Ninja had a good spin on the economy saying 91% of the U.S. does have a job. So how about the 91% of us that do have a job, help those that don’t by spending money. That would cause the business to make money, which would cause them to hire more people, which would cause those people to spend their money.

Sure you may be in debt up to your eyeballs, or your house may be underwater but that didn’t stop you from spending before. How did those credit cards get that much money on them? That’s right, you spent. So keep living your life like nothing has happened, spend your money and get payday loans. Eventually everything will pan out.

It’s a simple solution to a complex problem but it makes sense, doesn’t it? And then the TV will stop running stories about how the economy sucks. So lets take action and spend your money. Your country is counting on it!!!

What do you think about my solution?



Debt Management

Paying Off Debt (With Kids!)

My husband and I are heads of that happy family-of-four you often read about. A seven-year-old little girl, and a five-year-old little boy. We live in a modest home with a shared bedroom for the two kiddos and only one bathroom for the four of us. Both my husband and I work full-time – I just started again now that both kids are in school.

Picture-perfect from the outside, including the financial choices: modest home, used car, public schools, thrift-store shopping.

And yet, on the inside: we’re in debt. Man-oh-man (as my five-year-old would say) are we in debt.

How’d we get that way? For starters, we had two kids. My beautiful daughter will turn eight years old in November and we have yet to pay off her birth. Yes, we had insurance, but I had one of those complicated pregnancies you can’t predict. C-sections cost over $50,000, and even good insurance often only pays half of that. My son’s birth was less complicated, but I was not a good candidate for a VBAC, so we had another c-section and another round of bills.

My husband and I had been very careful, avoiding all credit-card debt and working to pay down our respective student loans. We just didn’t know. Where on the OB-GYN’s wall does it say that having a baby costs as much as buying a new car?

So we started paying things off, bit by bit. But life happened. You know the funny thing about trying to throw all your disposable money at a hospital bill is that you suddenly need a new washer but you don’t have any cash left in your checking account, so you put it on credit… you get the idea.

Right now my husband and I have a combined $57,378 still on our student loans and a frightening $82,491 in consumer and medical debt. (My daughter has some lingering health problems that result in expensive hospital treatments and prescriptions. We are all hoping the Affordable Care Act will reduce this burden.)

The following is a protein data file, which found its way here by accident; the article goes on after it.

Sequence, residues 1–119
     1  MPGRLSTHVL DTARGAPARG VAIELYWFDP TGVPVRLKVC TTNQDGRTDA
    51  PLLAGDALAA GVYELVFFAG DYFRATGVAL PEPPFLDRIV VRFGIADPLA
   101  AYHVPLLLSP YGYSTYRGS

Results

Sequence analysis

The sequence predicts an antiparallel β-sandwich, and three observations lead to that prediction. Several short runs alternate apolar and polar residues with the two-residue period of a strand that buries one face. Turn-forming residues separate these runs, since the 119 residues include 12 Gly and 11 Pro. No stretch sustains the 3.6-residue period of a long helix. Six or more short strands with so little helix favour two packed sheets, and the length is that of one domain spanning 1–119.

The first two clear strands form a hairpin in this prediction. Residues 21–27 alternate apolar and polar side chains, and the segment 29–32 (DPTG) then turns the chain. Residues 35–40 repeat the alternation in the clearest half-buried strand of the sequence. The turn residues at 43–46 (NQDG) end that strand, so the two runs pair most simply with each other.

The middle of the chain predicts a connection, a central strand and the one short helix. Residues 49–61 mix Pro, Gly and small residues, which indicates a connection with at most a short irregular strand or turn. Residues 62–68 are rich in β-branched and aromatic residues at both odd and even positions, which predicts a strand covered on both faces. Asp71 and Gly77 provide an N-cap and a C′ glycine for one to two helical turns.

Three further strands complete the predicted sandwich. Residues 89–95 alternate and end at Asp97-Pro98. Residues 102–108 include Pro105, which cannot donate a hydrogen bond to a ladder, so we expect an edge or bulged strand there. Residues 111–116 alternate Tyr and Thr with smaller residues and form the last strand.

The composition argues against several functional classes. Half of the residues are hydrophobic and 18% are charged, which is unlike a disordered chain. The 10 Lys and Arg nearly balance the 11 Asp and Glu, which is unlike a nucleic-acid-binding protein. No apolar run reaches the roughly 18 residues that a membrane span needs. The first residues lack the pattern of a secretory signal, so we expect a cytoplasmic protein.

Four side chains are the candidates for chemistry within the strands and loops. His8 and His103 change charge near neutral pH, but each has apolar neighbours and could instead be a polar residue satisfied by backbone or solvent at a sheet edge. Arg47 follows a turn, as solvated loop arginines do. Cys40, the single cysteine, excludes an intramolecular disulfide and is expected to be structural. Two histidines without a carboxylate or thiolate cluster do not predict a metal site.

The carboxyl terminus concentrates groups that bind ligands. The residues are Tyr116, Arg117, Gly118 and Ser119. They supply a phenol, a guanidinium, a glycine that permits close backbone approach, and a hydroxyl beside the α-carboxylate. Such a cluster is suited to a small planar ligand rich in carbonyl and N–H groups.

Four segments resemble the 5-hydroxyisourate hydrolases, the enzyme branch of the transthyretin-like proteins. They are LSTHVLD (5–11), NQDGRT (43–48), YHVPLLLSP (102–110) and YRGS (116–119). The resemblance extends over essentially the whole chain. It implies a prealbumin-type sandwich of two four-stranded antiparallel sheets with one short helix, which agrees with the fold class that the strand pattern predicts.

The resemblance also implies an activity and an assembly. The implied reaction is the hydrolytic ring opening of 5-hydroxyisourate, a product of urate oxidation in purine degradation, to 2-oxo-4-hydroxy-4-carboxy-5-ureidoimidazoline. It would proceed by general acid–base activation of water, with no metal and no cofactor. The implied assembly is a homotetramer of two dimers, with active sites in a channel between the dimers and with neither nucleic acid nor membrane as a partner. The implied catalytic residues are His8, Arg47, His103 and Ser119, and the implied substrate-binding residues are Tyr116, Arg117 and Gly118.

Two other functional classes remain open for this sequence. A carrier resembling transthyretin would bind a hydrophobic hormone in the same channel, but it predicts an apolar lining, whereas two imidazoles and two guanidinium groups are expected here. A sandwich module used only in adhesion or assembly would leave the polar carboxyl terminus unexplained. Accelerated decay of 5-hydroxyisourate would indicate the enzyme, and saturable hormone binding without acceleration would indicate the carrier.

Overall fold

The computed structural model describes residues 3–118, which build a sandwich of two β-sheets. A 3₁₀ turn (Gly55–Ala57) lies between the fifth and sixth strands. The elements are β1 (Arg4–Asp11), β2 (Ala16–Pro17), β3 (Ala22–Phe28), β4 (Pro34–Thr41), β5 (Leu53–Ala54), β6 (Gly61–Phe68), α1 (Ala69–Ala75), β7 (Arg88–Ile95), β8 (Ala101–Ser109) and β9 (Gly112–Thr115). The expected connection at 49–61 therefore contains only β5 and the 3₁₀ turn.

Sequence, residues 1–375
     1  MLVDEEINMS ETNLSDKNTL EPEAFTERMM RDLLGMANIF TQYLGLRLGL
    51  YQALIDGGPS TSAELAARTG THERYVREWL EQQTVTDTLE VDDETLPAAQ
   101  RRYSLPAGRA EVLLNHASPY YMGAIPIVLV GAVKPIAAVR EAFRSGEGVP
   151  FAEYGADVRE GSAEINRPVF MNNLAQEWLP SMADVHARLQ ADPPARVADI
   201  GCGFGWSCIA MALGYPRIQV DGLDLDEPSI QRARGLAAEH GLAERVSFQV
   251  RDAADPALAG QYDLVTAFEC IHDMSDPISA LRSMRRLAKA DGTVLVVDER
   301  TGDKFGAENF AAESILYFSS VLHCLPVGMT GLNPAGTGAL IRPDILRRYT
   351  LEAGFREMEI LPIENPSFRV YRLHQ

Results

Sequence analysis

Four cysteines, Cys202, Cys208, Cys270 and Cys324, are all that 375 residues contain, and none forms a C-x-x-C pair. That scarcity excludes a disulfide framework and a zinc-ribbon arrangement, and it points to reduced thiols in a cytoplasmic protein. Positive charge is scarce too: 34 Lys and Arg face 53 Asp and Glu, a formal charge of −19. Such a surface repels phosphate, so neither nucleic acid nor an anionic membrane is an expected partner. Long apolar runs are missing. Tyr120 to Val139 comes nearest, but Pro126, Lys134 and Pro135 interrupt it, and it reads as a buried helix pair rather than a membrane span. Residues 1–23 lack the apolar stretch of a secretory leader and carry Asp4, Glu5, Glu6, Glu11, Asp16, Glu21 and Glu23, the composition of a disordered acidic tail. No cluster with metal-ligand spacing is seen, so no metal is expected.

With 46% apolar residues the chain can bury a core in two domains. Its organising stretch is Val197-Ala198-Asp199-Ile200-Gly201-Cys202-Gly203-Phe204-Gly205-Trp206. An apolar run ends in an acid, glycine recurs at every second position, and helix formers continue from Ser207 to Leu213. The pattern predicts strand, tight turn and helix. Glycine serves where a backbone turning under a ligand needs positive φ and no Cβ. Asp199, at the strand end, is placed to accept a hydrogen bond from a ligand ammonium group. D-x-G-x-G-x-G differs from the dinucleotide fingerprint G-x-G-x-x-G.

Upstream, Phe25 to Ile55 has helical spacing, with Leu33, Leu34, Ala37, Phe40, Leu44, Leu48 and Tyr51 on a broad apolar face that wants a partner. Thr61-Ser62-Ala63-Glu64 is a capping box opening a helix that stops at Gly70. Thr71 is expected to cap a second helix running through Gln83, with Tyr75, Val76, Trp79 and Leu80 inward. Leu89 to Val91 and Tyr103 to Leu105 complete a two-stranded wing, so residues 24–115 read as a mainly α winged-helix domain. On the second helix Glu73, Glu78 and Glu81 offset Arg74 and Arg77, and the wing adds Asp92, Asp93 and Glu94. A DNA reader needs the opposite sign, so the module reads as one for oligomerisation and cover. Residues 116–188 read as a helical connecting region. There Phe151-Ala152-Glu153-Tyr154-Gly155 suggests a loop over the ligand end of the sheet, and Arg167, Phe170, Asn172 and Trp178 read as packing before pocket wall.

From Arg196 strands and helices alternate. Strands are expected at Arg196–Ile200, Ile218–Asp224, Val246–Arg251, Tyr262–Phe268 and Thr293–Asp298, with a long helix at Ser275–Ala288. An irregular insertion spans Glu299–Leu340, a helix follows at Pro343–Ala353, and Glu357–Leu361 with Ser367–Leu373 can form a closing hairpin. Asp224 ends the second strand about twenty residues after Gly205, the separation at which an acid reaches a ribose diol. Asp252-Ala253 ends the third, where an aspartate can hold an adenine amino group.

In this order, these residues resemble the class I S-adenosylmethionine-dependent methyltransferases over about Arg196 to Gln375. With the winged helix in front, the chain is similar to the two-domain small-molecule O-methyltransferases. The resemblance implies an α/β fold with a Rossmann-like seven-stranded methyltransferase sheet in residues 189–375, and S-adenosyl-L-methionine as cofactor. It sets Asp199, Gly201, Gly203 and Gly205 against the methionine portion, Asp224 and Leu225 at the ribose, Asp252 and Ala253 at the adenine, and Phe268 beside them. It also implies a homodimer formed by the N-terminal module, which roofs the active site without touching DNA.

It’s frustrating because we’re doing everything “right” and it feels like we can’t get ahead. Every time I make a budget, something gets in the way. It’s also much harder to distinguish between wants and needs now that they’re both in school: am I really going to be the only mom who doesn’t let her kid go on the field trip? The only mom who doesn’t put the kid in Scouts and then let her go on the Scout overnight? The mom who crosses her fingers and ignores the life insurance guide, or who squeezes her five-year-old into a car seat that’s a little too small? Absolutely not.

(Also, while we’re at it: what’s up with parents having to take on the entire cost of school supplies? I’m happy to buy pencils for my kids, but their school also requires us to buy copy paper for the school office, as well as bulk cartons of toilet paper for the school bathrooms.)

This year, we’re starting to fight back. My son is still a little too young to get it, but I’ve started talking to my daughter about saving money and not buying everything you see. We’re reading Little House on the Prairie and Five Little Peppers before bed, and she’s still young enough to think that not buying Hostess cupcakes for lunchboxes is “like Laura and Mary.”

I organized a clothing exchange and a toy exchange with a group of moms, meaning it looks like we’ll be able to outfit our kids pretty well for free. I’ve started packing everyone’s lunches in one go – Mom, Dad, and kids alike each get a peanut butter sandwich, some fruit, and a little baggie of cheese and crackers. Cable is out, libraries are in, our life insurance plan from SILI stays in the picture because we couldn’t survive as a one-salary family, our “winter vacation” is going to be a staycation and both sets of grandparents can come visit us for a change.

We started this reduced living strategy in August. Total extra cash to pay towards our debts every month? Around $200. It’s now my goal to pay down our kids’ births before they leave the house – but at least we’re making progress.